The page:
Love Ennis. Agree that he doesn’t have a lot of range, but he also doesn’t fail much. The man knows his limitations and has an outstanding batting average.

Not to toot my own horn, but the seven guys still to come were all on my list, so I’m feeling pretty good about my votes. My other three guys were Claremont, Busiek, and Wolfman, while Ennis, Waid, and James Robinson were the last thee guys I cut. (My list was stuck at 13 people for a long time until I finally made either/or calls with Ennis/Ellis, Waid/Busiek, and Robinson/Bendis.)

Craig B., I know what you mean. . .
TAB, for what it’s worth, McGregor was pretty high on my own list, at no. 5 (or 6, don’t remember off the top of my head), but regrettably, I don’t think we’ll be seeing him here.

I don’t really love the first half of Busiek’s Avengers. It feels like rebuilding, competent but unremarkable. But I really like the second half of his run. I think the Ultron and Kang storylines aren’t just rehash of old stories, they take the old stories and bring them to an even grander, more epic level.

What I really don’t understand is how people may love Avengers Forever, one of the blandest, most convoluted pieces of continuity porn I’ve ever seen. Easily the worst thing Busiek has ever written. I also am not a big fan of JLA x Avengers, it feels like the first part of Busiek’s Avengers run. Competent, but utterly predictable.

Johns wrote the recent Legion story in Action, co-wrote JSA when I really liked it, and has done a few other projects I didn’t dislike. His Green Lantern is not for me, though. I found it boring, even Sinestro Corps War. Several of his comics (Infinite Crisis, Teen Titans) didn’t work for me at all.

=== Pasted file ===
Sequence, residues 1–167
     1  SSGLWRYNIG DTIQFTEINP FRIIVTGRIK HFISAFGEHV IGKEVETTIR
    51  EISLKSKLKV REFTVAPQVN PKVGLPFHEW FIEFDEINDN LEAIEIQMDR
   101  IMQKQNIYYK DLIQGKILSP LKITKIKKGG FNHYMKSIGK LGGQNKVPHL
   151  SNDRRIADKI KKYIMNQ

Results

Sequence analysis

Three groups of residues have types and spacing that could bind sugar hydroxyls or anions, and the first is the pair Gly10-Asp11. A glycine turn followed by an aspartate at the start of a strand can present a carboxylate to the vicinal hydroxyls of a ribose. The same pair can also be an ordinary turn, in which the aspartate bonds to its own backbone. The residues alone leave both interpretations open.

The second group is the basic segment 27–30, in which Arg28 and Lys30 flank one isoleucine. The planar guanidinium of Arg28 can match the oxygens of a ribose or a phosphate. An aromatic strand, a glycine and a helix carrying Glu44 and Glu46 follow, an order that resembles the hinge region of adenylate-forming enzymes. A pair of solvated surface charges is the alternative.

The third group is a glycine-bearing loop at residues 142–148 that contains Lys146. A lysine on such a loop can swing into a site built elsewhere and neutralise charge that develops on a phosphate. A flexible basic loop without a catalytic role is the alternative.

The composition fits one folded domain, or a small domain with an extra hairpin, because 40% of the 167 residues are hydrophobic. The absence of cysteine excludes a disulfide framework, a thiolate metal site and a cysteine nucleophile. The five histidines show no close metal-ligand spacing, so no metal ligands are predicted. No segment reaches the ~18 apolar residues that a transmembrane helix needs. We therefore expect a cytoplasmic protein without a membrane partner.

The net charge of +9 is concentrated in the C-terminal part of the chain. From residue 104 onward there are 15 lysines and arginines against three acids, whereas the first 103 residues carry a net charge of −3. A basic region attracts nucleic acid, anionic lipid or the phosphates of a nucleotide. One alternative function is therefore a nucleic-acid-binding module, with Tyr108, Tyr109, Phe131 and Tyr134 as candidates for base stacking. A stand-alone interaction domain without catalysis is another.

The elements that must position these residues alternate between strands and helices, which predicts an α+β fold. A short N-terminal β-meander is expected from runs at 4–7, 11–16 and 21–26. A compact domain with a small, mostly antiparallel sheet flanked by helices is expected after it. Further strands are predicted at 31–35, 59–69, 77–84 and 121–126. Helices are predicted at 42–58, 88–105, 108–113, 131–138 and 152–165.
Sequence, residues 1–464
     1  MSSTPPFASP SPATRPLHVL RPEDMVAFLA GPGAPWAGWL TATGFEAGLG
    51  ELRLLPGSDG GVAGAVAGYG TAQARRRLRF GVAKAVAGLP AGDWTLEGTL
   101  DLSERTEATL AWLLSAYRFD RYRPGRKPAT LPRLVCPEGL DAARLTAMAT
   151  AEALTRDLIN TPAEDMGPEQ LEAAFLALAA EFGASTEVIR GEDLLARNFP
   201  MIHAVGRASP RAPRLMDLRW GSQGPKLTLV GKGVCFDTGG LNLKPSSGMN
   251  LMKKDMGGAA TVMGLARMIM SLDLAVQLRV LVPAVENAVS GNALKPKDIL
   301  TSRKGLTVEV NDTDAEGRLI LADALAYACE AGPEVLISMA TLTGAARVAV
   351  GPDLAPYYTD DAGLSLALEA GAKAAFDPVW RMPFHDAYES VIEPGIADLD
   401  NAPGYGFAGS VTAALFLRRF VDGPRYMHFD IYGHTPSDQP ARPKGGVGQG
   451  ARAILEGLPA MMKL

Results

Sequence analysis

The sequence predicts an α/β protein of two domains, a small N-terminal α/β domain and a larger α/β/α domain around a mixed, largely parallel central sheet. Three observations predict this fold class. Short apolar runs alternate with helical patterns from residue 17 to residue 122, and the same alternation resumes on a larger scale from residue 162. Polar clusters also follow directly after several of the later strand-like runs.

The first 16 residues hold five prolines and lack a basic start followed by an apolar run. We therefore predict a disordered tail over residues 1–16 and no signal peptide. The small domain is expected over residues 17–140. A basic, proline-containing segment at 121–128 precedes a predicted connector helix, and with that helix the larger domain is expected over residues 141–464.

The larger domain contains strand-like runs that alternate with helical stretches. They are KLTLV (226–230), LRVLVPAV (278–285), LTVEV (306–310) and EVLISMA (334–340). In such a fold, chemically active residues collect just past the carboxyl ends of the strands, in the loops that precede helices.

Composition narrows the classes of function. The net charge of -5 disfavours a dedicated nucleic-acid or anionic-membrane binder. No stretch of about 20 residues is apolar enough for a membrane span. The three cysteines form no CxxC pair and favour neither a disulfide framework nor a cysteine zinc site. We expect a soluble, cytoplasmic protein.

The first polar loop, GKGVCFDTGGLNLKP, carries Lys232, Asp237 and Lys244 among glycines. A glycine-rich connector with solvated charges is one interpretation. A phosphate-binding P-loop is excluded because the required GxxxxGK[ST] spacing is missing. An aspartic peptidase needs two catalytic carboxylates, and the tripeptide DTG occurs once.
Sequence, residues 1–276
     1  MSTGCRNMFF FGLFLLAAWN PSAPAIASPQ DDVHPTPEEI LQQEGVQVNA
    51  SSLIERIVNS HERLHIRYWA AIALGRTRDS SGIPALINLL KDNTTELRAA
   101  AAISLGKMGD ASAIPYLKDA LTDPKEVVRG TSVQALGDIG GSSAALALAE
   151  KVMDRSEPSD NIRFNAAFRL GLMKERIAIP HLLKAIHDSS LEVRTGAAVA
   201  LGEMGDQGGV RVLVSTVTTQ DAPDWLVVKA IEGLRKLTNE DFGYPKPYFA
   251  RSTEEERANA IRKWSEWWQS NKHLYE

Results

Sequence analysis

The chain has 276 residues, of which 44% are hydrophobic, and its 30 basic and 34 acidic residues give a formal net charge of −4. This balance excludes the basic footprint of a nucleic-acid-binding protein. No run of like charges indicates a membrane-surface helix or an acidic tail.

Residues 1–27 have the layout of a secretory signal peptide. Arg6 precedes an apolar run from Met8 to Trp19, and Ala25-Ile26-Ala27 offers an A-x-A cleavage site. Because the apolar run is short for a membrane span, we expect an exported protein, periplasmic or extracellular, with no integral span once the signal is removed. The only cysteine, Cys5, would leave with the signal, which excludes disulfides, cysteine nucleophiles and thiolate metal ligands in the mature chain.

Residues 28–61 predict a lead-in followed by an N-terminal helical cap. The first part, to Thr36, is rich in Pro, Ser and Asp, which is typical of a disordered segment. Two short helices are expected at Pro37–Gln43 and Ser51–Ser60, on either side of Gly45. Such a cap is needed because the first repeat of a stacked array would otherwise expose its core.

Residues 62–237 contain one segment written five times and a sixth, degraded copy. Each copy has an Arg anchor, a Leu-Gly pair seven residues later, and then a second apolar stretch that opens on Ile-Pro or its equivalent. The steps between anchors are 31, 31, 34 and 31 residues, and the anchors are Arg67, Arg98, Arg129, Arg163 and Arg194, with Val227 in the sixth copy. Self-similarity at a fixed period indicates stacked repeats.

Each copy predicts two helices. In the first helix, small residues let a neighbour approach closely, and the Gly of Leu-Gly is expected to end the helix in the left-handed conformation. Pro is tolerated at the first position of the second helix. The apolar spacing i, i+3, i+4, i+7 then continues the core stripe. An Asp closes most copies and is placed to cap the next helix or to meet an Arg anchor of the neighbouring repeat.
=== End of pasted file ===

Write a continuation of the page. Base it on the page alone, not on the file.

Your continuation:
Ennis has written some of my favorite comics. Hitman, Preacher, Hellblazer, War Story, & Punisher are all worth reading. I haven’t read The Boys because it sounds a bit too mean-spirited, but I’ll probably change that based on comments indicating there’s more going on. I intend to read Battlefields.

Brubaker was on my list. Sleeper and Criminal are among the best recent comics and best crime comics I’ve ever read. Gotham Central, The Fall, Point Blank, Scene of the Crime, the 1st half of his Daredevil run, and Captain America were between good and stellar. He’s had a few lesser works, but Brubaker’s among the most dependable writers in comics.

I have never been a continuity guy, but I quite liked Busiek’s Avengers run, including Avengers Forever. With Perez, Davis, Dwyer, Pacheco, and other talentd artists, he produced some fun, exciting super-hero comics. I will say, however, that the dialogue could be poor at times (“Bre’er Hawkeye” made me cringe) and the Triune Understanding plots were boring. Still, I’ll take a few missteps if I get the Perez issues, Kang War, Avengers Forever, & JLA/ Avengers.